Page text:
The South Carolina Republican Party voted to censure considered one of its personal members on Saturday, Representative Tom Rice, for his vote to question former President Donald Trump earlier this month.

The symbolic transfer affords a proper criticism of Rice’s determination to question Trump for a second time over his position in inciting a violent attacked on the U.S. Capitol on January 6.

The state GOP mentioned Rice’s impeachment vote “betrayed” his social gathering’s constituents by falling according to “unprincipled Leftists.”

“In the first and most consequential vote of the new session, Mr. Rice sided with (Democratic House Speaker) Nancy Pelosi and the unprincipled Leftists by voting to impeach the President, betraying the Republican voters that supported Mr. Rice enthusiastically during the last two election cycles,” the censure decision mentioned, in response to The Post and Courier.

Rice, a Myrtle Beach Republican beginning his fifth time period in Congress, has additionally obtained some backlash immediately from constituents in his district. In his first telephone city corridor after voting to question Trump, a voter from his district referred to as the choice “inexcusable.”

“Next time around, I don’t think you’re going to get elected,” mentioned the constituent, in response to CBS News. “I’m not happy with you. And I certainly won’t vote for you again. So if you can figure out some way to redeem yourself, I’m all ears.”

Drew McKissick, the chairman of the South Carolina GOP, mentioned that Saturday’s censure decision was meant to indicate that the social gathering “wholeheartedly disagrees” with Rice’s determination.

“Congressman Rice’s vote unfortunately played right into the Democrats‘ game, and the people in his district, and ultimately our State Executive Committee, wanted him to know they wholeheartedly disagree with his decision,” he mentioned in a press release.

The measure was in the end accredited by a voice vote, with 43 members in favor of the decision, zero in opposition to it and two abstaining, The Post and Courier reported.

In response to the vote, Rice defended his place to question Trump and criticized the GOP for “cowering” earlier than the previous president.

“I think the South Carolina Republican Party has forgotten its own creed that says ‘I will cower before no man save my God.’ It seems to me they are cowering before Donald Trump,” Rice advised The Post and Courier.

“If the president who did what Donald Trump did that day and sent a mob to stall Congress and the result was an attack on the legislative branch of the United States Government, that is a clear violation of the constitution,” he continued. “It’s absolutely a high crime or misdemeanor. I don’t care if the president that does that is Republican or a Democrat, I’m voting for impeachment.”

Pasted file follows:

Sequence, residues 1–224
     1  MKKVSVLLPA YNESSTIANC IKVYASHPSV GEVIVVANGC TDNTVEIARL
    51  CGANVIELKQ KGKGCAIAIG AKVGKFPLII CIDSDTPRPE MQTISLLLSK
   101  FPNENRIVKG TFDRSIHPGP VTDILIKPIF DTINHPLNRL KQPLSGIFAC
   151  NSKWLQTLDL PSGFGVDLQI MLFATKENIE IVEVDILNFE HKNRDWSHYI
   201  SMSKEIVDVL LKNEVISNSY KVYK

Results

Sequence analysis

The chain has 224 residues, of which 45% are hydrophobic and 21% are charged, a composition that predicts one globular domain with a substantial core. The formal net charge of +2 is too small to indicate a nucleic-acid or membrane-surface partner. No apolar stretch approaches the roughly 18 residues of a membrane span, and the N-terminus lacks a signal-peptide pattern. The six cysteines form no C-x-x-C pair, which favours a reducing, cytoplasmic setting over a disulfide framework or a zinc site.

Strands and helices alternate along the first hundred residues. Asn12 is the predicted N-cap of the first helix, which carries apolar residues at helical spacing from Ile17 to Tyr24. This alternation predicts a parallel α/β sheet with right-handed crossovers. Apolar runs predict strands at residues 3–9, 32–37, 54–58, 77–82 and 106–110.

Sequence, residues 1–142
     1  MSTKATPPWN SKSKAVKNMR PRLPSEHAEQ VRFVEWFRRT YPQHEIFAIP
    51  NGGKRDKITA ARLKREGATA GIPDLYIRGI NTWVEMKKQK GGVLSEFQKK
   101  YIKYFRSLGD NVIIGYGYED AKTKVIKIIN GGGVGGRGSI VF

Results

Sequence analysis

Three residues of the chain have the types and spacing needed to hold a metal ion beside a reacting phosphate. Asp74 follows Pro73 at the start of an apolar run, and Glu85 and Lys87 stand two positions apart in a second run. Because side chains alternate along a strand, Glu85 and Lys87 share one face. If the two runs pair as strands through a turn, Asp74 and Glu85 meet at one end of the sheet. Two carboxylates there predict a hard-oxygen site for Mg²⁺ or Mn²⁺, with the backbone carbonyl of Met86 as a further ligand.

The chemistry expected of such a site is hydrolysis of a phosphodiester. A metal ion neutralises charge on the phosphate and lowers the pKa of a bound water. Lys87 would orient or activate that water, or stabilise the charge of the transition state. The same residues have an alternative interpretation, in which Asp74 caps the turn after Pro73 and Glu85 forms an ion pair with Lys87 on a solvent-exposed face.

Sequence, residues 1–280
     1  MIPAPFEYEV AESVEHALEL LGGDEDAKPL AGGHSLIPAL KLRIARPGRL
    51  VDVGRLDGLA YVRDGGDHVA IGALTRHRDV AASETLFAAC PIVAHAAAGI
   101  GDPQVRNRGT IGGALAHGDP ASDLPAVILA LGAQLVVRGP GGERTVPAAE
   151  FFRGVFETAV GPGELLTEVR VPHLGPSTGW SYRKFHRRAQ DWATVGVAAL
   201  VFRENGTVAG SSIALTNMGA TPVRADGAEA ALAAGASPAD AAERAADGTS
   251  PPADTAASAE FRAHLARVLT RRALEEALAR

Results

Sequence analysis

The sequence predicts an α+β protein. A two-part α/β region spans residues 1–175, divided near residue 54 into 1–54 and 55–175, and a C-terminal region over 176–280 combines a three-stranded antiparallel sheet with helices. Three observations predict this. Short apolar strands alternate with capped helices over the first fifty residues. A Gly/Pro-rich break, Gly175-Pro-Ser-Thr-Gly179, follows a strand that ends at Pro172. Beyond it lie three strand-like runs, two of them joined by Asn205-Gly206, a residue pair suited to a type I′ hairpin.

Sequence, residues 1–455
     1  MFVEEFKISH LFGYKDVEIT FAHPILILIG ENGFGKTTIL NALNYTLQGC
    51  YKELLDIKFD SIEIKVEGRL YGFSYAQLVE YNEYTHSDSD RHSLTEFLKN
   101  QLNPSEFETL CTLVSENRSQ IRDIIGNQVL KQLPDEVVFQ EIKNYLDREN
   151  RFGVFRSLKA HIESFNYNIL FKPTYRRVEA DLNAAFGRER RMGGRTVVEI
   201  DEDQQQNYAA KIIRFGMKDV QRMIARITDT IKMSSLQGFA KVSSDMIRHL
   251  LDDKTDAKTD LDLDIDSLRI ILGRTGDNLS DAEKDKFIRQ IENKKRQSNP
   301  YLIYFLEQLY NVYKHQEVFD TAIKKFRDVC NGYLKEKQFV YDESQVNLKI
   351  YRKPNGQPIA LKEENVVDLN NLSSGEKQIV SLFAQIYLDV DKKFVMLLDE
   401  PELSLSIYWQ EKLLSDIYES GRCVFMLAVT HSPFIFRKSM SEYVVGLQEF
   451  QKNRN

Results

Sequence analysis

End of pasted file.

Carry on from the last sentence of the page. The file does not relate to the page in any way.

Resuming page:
In an interview with ABC 15 revealed on January 26, Rice added that “it would have been so easy” to go together with fellow Republicans and vote in opposition to Trump’s impeachment, however that he as an alternative selected to “defend the constitution.”

“I don’t take an oath to Donald Trump. I don’t take an oath to the Republican Party. I take an oath to defend our Constitution and that’s what I will do,” he mentioned.

South Carolina Representative Tom Rice was censured by the state’s GOP for voting to question Trump. Here, Rice addresses a crowd at a city corridor assembly on the Florence County Library on February 23, 2017 in Florence, South Carolina.
Sean Rayford/Getty

Though Saturday’s censure decision doesn’t include any additional punishments, the transfer symbolizes a constant divide between Trump loyalists and people who stand in opposition to him.

The final time the South Carolina GOP voted to censure an elected official came to visit 10 years in the past, after they accredited one for then-governor Mark Sanford after he admitted to touring to Argentina for an extramarital affair, The Post and Courier reported.

But South Carolina shouldn’t be the one state to help reprimanding officers who break up with Trump.

Last week, the Arizona GOP voted in favor of comparable resolutions for former U.S. Senator Jeff Flake and Cindy McCain, the widow of the late longtime U.S. Senator John McCain, for criticizing Trump.

Wyoming Representative Liz Cheney, the No. 3 House Republican, has additionally confronted broad blowback in her state over her vote to question Trump, and Republicans in Massachusetts are looking for to censure Governor Charlie Baker for his help in impeaching the previous president.

Rice’s determination to vote for impeachment in the end got here as a shock to state Republicans, on account of his historical past of supporting Trump.

“This is the kind of thing you’ve come to expect from Nancy Pelosi and the Democrat leadership, but it was really disappointing to see any Republicans approve of it, participate in it in any shape, form or fashion, and I think it plays into the Democrats’ game,” McKissick mentioned, in response to The Post and Courier.

Newsweek reached out Rice’s workplace for added remark. The South Carolina GOP didn’t supply a remark past its official assertion.